Another revised planning application has been made for a housing development above Shoreditch Overground station.
Proposals to redevelop the old goods yard after it was destroyed in a massive blaze in 1964 have been stalled for decades over what to do with the site that stretches across the borough boundary between Tower Hamlets and Hackney.
The recent, and controversial plans for a mix of tall towers for office and residential was called in by the then Mayor of London and a formal decision deferred following a recommendation that it be rejected.
The latest plans are being submitted as an amendment to the existing planning application for the site following consultations and will see a revises provision of 500 homes. That is a considerable decline on the 1,500 homes originally planned in 2014, and had already been reduced to 1,356 in 2015.
Of the 500 homes now being planned, half will be “affordable”, and while 50% sounds a lot better than the 15% originally planned, it’s actually just an increase of 25 homes (250 vs the original 225), thanks to the reduction in conventionally priced homes.
There has been a reduction in overall height and scale across the whole site. In particular, the heights of residential buildings along Sclater Street have been significantly reduced. The reductions in scale of the development come from a voiciferous protest by local groups appalled at the size of the original towers that were proposed for the site. Although it is next to a high-rise cluster of office blocks, most of the area around the Goodsyard are older 2-3 storey high buildings.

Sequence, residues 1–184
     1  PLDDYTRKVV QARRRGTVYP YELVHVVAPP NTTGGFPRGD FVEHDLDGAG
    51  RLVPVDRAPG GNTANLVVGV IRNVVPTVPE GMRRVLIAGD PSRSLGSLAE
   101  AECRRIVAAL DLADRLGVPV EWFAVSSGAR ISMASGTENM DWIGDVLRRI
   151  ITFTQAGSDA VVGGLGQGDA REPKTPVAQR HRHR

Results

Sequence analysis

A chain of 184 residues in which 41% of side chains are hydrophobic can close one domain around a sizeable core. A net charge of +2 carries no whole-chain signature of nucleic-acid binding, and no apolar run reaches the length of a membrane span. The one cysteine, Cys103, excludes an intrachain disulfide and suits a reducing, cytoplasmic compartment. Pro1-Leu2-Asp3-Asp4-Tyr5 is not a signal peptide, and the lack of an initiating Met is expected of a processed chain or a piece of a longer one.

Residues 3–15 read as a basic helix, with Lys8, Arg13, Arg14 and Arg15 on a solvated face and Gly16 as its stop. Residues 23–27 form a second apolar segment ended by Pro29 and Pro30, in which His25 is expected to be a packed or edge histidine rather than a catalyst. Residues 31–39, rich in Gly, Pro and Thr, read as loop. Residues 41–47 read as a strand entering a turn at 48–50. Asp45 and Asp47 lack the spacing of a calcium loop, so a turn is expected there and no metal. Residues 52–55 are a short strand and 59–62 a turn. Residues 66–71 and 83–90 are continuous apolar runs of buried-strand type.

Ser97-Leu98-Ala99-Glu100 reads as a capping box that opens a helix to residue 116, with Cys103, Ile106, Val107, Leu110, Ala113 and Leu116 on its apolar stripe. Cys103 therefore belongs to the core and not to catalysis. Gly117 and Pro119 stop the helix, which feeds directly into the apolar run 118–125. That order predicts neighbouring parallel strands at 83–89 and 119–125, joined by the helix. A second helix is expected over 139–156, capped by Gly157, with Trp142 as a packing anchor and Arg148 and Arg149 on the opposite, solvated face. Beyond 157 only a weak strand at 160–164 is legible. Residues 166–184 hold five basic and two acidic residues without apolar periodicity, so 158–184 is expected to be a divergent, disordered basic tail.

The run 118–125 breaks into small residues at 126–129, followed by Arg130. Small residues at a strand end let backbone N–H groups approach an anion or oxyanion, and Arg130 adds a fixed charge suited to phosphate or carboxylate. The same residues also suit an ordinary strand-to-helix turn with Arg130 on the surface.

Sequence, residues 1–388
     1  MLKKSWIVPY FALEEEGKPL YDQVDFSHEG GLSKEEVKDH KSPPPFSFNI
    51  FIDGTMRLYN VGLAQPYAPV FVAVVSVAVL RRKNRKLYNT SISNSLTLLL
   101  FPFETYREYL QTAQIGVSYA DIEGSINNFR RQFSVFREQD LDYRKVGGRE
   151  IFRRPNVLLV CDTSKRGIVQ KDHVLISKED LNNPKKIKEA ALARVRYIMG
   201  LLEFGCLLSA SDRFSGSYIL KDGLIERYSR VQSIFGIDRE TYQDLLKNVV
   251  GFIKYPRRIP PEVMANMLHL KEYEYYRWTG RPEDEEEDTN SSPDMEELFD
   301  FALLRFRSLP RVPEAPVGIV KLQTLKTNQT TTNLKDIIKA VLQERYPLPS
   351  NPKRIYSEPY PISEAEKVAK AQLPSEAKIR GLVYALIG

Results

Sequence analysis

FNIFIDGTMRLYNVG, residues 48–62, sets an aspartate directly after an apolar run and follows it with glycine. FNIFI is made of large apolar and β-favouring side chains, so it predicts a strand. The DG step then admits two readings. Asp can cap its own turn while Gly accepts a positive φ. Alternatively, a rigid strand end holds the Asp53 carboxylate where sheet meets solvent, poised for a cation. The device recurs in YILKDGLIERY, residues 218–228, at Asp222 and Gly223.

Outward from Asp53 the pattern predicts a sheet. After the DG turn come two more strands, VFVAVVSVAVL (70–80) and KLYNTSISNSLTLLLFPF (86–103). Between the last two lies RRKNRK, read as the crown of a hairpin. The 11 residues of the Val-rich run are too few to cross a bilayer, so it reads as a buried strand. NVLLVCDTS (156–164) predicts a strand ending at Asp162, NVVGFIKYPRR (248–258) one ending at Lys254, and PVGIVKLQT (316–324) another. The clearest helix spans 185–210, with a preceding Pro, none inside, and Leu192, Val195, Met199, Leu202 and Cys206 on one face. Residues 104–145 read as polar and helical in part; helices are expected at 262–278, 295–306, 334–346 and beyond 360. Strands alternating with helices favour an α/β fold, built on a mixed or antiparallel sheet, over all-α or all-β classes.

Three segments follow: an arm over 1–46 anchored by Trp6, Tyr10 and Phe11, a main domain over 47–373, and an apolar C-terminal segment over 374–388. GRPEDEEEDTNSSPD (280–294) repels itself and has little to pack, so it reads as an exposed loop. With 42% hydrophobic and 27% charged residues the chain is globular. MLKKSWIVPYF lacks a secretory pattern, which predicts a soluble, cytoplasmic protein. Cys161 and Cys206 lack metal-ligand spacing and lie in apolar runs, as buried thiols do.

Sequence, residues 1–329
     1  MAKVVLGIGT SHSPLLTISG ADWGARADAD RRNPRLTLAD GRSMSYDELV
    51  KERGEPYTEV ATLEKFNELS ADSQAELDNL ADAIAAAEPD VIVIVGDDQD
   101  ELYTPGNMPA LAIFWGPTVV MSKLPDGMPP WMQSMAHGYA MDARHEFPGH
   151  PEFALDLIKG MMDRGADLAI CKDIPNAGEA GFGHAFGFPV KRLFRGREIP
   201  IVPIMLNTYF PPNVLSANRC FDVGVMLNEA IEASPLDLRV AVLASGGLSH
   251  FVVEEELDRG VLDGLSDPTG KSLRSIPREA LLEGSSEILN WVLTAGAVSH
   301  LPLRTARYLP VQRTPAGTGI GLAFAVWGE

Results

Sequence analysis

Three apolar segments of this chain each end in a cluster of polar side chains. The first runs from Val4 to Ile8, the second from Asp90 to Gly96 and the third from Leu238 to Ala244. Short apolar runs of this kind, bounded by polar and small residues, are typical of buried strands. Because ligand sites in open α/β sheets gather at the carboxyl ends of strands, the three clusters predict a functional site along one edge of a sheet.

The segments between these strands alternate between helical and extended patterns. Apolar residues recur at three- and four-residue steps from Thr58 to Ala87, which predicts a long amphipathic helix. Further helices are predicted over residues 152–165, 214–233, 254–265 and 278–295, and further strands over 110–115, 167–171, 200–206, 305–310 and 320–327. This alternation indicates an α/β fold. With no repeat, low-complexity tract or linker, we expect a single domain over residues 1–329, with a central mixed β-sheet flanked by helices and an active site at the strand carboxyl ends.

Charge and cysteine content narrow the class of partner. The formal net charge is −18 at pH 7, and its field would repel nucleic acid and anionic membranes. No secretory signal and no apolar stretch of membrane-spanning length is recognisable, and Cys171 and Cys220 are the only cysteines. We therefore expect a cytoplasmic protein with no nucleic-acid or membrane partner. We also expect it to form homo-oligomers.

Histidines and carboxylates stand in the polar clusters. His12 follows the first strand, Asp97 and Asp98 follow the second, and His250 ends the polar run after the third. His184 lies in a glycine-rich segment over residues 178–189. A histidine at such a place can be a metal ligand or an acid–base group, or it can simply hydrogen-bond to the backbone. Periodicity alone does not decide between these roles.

The majority of the site’s heritage and all listed structures are now being retained, with the listed Braithwaite Viaduct arches opened to the public and the Oriel Gate restored to become the ‘gateway’ entrance to the site from Shoreditch High Street.
It will also see a series of new pedestrian streets connecting Brick Lane, Shoreditch High Street and Sclater Street, lined with retail, residential and workspace.
The scheme will provide 1.4 million sq ft of workspace in five buildings to be built around the concrete tunnel that houses Shoreditch Overground station.
The development will also provide a highline-style public park sitting on top of the restored railway arches that will include a series of connected gardens, terraces and walkways. In total, the site will have over 6 acres of public realm, 25% larger than originally proposed and covering over 50% of the whole site.
The development is a joint venture between Hammerson and Ballymore.